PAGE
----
Teresa Kay-Aba Kennedy’s “family business” is communications.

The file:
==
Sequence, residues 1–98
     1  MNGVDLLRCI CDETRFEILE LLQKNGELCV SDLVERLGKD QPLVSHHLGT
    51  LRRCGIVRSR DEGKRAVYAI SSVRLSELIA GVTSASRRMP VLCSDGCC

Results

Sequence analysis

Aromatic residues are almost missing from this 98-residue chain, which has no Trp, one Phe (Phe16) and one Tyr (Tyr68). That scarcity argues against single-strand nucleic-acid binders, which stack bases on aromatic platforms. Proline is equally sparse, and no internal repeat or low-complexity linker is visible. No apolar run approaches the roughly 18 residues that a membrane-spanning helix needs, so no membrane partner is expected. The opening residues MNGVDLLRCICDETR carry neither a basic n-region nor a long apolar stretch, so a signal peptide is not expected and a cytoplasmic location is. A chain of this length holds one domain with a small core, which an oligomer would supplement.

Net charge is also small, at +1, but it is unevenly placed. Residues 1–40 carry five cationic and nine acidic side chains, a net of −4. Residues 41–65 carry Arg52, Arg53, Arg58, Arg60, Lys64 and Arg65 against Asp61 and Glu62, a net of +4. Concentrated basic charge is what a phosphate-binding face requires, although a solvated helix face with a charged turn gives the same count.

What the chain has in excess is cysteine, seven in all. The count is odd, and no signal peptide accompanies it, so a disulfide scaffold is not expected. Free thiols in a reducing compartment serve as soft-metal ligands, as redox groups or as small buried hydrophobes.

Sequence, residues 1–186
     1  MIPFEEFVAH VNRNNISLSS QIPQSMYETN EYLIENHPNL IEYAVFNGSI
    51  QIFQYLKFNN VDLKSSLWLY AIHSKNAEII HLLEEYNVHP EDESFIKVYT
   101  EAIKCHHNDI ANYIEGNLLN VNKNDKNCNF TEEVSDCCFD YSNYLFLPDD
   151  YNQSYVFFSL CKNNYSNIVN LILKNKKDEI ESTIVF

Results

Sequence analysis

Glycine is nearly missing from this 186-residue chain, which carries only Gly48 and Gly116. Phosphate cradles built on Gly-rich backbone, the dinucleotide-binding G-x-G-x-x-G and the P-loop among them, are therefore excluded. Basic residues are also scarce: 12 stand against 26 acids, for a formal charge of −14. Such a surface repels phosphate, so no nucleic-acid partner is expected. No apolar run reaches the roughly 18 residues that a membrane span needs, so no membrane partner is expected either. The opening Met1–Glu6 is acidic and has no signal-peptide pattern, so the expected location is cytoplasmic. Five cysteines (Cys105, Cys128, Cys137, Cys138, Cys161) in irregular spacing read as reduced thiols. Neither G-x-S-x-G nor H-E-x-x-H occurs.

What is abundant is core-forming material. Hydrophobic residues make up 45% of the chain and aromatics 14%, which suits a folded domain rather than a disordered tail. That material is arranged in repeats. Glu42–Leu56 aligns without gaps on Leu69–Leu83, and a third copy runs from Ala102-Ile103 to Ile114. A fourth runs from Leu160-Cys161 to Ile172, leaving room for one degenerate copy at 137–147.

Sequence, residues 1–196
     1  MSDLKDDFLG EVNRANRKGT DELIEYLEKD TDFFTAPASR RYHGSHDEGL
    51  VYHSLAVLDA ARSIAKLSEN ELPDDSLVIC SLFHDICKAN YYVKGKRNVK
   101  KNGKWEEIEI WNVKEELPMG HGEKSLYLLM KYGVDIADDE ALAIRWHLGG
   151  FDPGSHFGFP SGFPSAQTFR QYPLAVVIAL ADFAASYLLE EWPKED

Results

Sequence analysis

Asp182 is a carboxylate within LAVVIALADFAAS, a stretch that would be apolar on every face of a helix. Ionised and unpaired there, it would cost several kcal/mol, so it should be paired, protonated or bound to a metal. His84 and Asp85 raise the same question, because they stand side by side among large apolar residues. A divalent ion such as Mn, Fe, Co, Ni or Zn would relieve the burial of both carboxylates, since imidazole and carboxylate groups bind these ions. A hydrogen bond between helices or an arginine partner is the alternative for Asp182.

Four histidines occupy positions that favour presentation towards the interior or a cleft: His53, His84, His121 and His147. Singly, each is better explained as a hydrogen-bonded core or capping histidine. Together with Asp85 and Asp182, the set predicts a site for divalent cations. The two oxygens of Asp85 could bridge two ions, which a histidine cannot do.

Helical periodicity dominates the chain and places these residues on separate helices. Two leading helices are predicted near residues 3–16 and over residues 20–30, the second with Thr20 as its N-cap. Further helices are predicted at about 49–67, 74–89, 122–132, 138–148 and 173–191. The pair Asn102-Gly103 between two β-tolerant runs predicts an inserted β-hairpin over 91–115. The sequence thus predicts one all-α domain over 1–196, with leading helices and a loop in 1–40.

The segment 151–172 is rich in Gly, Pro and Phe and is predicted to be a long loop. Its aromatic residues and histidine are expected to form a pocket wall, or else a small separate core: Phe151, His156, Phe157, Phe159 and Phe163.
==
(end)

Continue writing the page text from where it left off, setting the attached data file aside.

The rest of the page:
Teresa Kay-Aba Kennedy comes from a history of trailblazers. Her family knew people like Duke Ellington, Langston Hughes, Aretha Franklin, Michael Jackson, Smokey Robinson, Quincy Jones, Coretta Scott King, Dr. Dorothy Height and Muhammad Ali. In the late 1950s, her parents–Janie Sykes-Kennedy and the late Dr. James Scott Kennedy–operated the Scott Kennedy Players, the first multicultural theatre company in New York City. They worked on five continents for five decades promoting international relations and leadership development via communications. In the late 1960s, they lived in Africa, working at the University of Ghana and producing for the 1966 First World Festival of Negro Arts in Dakar, Senegal, and the First Pan African Cultural Festival in Algiers, Algeria in 1969. In the early 1970s, they were invited as Fulbright scholars by the Prime Minister of Australia to live in Adelaide and introduce “new concepts of people”–African-American and African–via theater and other arts, to that continent. They also produced plays for the Papua, New Guinea Independence Arts Festival.